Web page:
Gill @ Write on Wednesdays has given us the task of writing on collections, or collectors this week. Pop by and look at other people's offerings!
He had lived in the neat house on the inner suburban street for well over 60 years. He moved in with his wife, then brought up his sons and as they moved on, one by one, he lived alone. He had a cat for company from time to time.
He was the ideal quiet neighbour, his loss of hearing a comfort to us on our sleepless nights with crying babies. Sociable when engaged, but innately insular, he kept to his home. He never had visitors, apart from the home care lady and his sons. As he became older and needed more help, we were invited by necessity into his home to help him in the aftermath of falls and leg injuries. Terrible osteoporosis had rendered him bent at the waist, his head invisible from behind.
He had a secret life, collecting, well, everything! Jars of screws, nails, bolts, cottonballs, washed margarine containers, icecream tubs, cotton spools, used matches, newspapers, and magazines – all were neatly labelled and collated. He knew exactly where everything was. Anything with a purpose was put away in case it was needed.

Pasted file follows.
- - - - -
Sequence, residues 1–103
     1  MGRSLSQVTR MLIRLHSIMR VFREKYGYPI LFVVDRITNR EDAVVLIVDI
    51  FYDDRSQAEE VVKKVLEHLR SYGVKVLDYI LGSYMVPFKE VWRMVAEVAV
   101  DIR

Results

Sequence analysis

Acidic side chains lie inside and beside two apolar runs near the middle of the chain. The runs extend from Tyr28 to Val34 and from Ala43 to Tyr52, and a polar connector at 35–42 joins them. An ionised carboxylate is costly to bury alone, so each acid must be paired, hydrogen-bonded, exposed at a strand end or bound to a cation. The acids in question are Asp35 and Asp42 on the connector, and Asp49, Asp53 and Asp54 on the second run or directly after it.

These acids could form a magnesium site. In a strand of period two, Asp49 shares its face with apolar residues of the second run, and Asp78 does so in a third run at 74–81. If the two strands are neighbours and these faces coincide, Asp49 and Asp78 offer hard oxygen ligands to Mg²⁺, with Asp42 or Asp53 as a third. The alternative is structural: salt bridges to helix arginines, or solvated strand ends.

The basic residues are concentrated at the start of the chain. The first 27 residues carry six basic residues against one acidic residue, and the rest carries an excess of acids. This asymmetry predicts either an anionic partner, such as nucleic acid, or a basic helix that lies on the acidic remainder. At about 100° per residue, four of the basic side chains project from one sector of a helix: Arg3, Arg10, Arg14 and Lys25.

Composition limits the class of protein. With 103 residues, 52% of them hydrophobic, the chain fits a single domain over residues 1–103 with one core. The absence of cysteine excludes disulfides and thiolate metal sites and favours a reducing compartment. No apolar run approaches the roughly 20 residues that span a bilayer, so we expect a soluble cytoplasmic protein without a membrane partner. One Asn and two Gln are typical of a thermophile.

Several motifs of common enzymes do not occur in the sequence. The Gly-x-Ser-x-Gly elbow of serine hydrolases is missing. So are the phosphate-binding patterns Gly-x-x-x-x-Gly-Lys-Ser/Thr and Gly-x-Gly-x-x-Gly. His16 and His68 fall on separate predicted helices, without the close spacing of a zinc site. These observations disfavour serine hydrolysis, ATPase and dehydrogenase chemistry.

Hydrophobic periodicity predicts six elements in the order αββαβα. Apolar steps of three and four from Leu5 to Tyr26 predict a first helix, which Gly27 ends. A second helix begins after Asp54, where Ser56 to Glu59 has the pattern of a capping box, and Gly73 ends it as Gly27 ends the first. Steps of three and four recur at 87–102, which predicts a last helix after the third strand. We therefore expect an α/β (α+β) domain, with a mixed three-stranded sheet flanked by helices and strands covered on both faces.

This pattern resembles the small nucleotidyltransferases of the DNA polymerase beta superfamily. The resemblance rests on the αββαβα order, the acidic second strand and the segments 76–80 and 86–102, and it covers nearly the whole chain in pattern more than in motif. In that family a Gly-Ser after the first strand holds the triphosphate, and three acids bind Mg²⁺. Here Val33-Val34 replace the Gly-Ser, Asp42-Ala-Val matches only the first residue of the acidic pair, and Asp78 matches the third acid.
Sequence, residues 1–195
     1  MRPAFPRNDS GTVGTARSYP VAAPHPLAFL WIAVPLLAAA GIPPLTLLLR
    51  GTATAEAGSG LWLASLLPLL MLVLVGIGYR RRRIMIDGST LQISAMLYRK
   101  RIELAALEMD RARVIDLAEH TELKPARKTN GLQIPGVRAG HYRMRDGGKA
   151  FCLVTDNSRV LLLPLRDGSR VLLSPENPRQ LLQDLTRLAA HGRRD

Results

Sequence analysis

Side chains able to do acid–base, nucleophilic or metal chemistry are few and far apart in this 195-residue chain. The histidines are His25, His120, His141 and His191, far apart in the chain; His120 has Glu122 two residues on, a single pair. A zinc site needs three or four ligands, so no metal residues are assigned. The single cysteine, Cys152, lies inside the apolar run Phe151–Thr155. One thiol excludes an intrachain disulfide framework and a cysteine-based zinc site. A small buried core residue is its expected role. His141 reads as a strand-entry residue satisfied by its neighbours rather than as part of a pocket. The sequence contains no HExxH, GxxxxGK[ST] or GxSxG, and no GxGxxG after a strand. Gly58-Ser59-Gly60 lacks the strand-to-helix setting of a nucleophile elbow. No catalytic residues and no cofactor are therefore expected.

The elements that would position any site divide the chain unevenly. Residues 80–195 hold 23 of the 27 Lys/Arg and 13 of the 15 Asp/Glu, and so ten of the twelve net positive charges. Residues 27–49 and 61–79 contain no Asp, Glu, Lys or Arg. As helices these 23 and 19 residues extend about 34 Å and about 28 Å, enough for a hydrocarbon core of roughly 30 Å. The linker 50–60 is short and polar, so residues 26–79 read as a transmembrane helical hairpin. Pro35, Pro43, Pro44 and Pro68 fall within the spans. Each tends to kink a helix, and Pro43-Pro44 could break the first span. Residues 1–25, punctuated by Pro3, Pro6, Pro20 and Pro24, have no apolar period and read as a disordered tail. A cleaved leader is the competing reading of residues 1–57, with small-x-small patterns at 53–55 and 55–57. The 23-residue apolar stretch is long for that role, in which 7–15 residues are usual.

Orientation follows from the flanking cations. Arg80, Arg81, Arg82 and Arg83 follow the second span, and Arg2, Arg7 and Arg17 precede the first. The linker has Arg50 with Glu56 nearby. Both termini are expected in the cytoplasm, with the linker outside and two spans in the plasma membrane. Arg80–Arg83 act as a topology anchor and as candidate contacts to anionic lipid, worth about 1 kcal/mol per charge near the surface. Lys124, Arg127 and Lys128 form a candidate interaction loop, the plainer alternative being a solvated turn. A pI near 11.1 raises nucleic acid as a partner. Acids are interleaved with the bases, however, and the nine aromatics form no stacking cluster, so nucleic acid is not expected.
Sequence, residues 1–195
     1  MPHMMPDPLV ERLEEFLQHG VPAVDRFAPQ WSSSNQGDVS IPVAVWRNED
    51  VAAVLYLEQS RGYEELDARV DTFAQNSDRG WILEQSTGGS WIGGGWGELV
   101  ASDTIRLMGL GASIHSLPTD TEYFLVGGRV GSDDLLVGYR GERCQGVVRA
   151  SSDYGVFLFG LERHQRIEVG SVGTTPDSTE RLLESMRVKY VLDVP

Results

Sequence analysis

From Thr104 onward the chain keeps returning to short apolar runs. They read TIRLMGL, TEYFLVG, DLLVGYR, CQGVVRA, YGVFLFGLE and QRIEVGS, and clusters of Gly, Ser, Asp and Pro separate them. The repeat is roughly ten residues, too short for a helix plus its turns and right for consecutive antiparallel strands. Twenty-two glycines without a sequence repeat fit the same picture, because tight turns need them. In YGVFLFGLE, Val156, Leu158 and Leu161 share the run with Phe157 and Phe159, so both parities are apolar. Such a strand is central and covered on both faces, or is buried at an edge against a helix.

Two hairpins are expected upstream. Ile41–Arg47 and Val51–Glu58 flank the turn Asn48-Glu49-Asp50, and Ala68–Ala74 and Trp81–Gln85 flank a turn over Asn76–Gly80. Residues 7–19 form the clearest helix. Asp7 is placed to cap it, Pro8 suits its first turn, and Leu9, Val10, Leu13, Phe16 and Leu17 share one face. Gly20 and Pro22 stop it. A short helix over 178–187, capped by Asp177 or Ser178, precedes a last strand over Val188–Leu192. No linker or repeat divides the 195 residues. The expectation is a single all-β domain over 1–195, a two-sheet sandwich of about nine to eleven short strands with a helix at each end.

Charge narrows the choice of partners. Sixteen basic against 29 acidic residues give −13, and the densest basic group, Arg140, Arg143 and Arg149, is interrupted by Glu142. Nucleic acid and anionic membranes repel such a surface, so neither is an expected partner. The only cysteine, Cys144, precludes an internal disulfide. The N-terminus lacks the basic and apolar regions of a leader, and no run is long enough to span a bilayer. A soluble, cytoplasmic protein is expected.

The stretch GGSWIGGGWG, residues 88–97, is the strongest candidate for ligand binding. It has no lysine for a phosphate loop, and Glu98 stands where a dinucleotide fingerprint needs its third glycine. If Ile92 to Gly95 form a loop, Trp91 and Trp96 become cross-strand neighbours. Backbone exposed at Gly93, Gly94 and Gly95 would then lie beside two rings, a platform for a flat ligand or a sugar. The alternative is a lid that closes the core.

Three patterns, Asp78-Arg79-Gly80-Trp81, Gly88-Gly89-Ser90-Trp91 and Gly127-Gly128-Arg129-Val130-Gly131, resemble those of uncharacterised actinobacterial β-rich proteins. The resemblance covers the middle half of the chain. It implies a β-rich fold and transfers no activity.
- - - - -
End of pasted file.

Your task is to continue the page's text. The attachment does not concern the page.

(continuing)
His house was jammed with collections of all descriptions, mainly household hardware and haberdashery. And data…weather data. Millions of pieces of plain paper, with sunrise and sunset, minimum and maximum temperature and rainfall documented for every day of the previous 60 years. All in tiny writing, never a day missed.
I always wondered if the house had been like this when his wife was alive, whether she tolerated (or encouraged?) his obsessiveness. Was he always like this or had he learnt it through hard times – he had seen 2 wars and The Great Depression. What had his children thought of it? Did he find it a satisfying comfort or a distressing compulsion?
Thinking back, I never asked him why. I guess it was none of my business, it was just what he did.